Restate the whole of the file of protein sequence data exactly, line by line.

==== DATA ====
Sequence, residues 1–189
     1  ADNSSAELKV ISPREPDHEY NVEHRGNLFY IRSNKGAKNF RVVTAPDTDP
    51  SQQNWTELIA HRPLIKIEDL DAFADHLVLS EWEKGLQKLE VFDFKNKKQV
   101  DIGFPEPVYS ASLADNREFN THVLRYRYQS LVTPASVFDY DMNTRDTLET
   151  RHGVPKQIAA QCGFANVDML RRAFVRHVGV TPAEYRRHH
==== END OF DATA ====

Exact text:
Sequence, residues 1–189
     1  ADNSSAELKV ISPREPDHEY NVEHRGNLFY IRSNKGAKNF RVVTAPDTDP
    51  SQQNWTELIA HRPLIKIEDL DAFADHLVLS EWEKGLQKLE VFDFKNKKQV
   101  DIGFPEPVYS ASLADNREFN THVLRYRYQS LVTPASVFDY DMNTRDTLET
   151  RHGVPKQIAA QCGFANVDML RRAFVRHVGV TPAEYRRHH